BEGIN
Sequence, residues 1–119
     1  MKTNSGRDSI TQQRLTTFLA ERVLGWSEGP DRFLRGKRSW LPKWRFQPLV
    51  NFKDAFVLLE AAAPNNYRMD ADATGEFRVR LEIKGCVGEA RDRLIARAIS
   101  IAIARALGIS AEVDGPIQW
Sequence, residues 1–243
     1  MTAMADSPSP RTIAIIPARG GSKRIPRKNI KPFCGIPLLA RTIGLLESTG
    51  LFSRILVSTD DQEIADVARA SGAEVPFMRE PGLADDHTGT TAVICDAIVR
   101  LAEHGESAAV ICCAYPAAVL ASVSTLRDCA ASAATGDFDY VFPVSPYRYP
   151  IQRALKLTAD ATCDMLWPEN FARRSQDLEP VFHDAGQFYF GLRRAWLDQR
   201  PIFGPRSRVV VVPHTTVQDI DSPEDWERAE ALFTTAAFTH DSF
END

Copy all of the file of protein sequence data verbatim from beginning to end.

Sequence, residues 1–119
     1  MKTNSGRDSI TQQRLTTFLA ERVLGWSEGP DRFLRGKRSW LPKWRFQPLV
    51  NFKDAFVLLE AAAPNNYRMD ADATGEFRVR LEIKGCVGEA RDRLIARAIS
   101  IAIARALGIS AEVDGPIQW
Sequence, residues 1–243
     1  MTAMADSPSP RTIAIIPARG GSKRIPRKNI KPFCGIPLLA RTIGLLESTG
    51  LFSRILVSTD DQEIADVARA SGAEVPFMRE PGLADDHTGT TAVICDAIVR
   101  LAEHGESAAV ICCAYPAAVL ASVSTLRDCA ASAATGDFDY VFPVSPYRYP
   151  IQRALKLTAD ATCDMLWPEN FARRSQDLEP VFHDAGQFYF GLRRAWLDQR
   201  PIFGPRSRVV VVPHTTVQDI DSPEDWERAE ALFTTAAFTH DSF